In the long run, everything becomes interesting; that is the fate of the normal media. The one remaining Mayan text might perhaps reveal the most profound secrets, or it may be an advertising flyer for a department store. This doesn't make it any less fascinating. What characterizes normal media is the fact that they aren’t seen as an expression of culture in the times in which they appear. Only when they appear as a collection, accompanied by a chronology, or an object of study for the science of ‘normal history’, do they acquire that something extra which the conversation at the next table or the letter to an unknown recipient automatically possess. Only such a theft can stimulate the imagination into practicing hermeneutics of the everyday. Such media are taken for granted to such an extent when they're released into people’s everyday lives that they allow no meta-level. They’re much too close to their own space-time to allow for the distance necessary for the anthropological gaze or simple, banal pleasure to come into being. They’re like the bone from which the entire skeleton of a dinosaur can be reconstructed, or the sequence which makes possible the reconstruction of an entire fictional film. As long as they remain submerged in the whole, they possess no information- value at all. But when regarded as a paradigmatic splinter, they reveal the entire landscape of which they were a part. Unzeit- gemaBe normal media are only conceivable as something unthinkable.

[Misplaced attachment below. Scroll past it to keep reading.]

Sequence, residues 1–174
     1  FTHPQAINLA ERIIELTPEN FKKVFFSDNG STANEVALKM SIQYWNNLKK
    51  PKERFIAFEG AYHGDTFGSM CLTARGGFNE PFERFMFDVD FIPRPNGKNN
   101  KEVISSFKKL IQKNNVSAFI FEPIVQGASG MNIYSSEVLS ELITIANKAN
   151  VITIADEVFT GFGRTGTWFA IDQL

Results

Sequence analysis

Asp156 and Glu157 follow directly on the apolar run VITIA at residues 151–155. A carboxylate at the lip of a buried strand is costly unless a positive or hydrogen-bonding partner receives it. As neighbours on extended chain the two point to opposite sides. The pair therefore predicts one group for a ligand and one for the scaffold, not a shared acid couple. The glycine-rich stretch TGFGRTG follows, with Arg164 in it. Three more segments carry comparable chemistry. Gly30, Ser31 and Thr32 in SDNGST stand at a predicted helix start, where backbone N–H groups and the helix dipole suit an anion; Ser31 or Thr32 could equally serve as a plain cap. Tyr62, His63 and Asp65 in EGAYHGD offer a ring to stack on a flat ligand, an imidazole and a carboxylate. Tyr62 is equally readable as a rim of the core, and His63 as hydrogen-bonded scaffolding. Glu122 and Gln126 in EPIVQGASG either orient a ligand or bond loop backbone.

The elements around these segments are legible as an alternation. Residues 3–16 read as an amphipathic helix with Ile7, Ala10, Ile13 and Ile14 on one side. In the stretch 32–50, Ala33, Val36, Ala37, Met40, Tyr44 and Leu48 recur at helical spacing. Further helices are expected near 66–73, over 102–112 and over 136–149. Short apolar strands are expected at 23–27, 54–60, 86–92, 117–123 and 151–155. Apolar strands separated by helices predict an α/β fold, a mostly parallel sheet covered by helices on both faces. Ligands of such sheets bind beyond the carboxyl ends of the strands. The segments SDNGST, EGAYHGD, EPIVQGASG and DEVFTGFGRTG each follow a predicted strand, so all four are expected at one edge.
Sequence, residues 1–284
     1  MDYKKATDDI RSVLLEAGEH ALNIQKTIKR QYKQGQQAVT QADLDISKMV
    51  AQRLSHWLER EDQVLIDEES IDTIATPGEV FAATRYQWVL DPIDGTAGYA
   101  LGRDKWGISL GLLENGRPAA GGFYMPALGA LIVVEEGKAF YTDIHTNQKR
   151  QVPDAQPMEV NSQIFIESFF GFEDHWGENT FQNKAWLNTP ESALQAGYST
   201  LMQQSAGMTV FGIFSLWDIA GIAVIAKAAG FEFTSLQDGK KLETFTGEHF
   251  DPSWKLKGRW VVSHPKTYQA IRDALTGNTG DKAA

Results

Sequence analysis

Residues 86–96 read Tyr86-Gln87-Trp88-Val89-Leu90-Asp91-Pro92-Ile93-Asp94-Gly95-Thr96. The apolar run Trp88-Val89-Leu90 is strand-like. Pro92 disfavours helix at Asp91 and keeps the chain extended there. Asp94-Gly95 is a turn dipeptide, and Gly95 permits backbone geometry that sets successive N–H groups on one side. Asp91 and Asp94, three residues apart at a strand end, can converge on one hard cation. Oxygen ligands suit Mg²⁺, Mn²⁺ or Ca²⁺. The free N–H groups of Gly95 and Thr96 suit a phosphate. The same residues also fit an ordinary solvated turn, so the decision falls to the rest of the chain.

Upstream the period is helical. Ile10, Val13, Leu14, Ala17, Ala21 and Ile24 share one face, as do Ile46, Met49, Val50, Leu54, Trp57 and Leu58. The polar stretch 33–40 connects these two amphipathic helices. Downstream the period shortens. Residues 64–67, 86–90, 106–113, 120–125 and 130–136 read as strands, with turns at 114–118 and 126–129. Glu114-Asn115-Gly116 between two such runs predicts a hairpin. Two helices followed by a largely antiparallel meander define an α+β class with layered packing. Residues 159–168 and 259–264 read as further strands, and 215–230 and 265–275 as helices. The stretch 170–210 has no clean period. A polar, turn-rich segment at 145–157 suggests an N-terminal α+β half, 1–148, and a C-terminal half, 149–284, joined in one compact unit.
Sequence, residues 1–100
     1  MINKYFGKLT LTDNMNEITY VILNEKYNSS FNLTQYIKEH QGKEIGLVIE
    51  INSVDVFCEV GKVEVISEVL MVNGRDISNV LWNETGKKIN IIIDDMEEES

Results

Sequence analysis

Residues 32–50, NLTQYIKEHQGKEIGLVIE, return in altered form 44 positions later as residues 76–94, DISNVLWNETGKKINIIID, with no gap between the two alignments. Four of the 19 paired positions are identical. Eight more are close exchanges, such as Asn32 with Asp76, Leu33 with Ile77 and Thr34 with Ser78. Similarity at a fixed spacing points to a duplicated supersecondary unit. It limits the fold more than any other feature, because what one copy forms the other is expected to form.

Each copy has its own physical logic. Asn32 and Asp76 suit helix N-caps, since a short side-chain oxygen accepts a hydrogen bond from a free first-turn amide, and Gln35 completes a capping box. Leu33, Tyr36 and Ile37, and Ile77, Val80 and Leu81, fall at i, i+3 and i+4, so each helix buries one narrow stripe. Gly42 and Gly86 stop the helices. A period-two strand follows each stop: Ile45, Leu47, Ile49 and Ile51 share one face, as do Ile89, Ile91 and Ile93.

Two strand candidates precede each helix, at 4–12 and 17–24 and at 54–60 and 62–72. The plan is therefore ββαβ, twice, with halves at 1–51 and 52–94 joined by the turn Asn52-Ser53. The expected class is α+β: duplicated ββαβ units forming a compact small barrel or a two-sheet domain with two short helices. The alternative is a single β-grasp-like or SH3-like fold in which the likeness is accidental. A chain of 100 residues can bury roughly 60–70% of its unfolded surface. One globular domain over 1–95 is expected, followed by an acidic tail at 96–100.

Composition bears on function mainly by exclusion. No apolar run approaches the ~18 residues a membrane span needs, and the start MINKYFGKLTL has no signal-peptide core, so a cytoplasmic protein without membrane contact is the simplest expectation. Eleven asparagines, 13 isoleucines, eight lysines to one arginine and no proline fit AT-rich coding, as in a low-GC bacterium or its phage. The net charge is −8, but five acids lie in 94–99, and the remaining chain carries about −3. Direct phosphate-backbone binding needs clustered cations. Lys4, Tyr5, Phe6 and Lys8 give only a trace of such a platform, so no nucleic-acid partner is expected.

Normal media require no advertising. They are handed out, unasked for, in numbers which preclude avoidance. The waste has already occurred. Direct mail has achieved its aim if three per cent of the recipients react. Normal media companies abuse the legal obligation to receive mail. We find descriptions of runaway cats, announcements of upcoming parties at the neighbours', Scientology folders about the most recent Hubbard, an invitation to the festive re-ope- ning of Brinkman's butcher shop, furniture catalogues, neat, respectable student looking for a room, a course in salsa dancing, the supermarket’s weekly specials, various door-to-door magazines, a book club catalogue, the takeaway Chinese and Italian restaurant menus, the neighbouhood newspaper, personal letters addressed to the Occupants of this Building, political flyers and cultural teasers. The same category lives oni n the current of actual news i n t h e form of lonely hearts advertisements, family announcements and other ads. Even the White and Yellow Pages can expect to come into contact with the average citizen on a regular basis.
The unasked-for media take no notice of the differentiated behaviour of contemporary consumers, who put together their own, personalized media package. The classic model of ‘one-way traffic’, in which recipient B simply had to accept message from source A, has been shoved aside as something undemocratic. The adage: Choose your own message has turned reception into an act of will.
Media for the millions plough right across this conscious selection and are in a position of such sovereignty that they are uninterested in market penetration and mental incorporation. They feel most at home stuck in between old newspapers, strewn along the street, on top of the garbage can, in the gutter.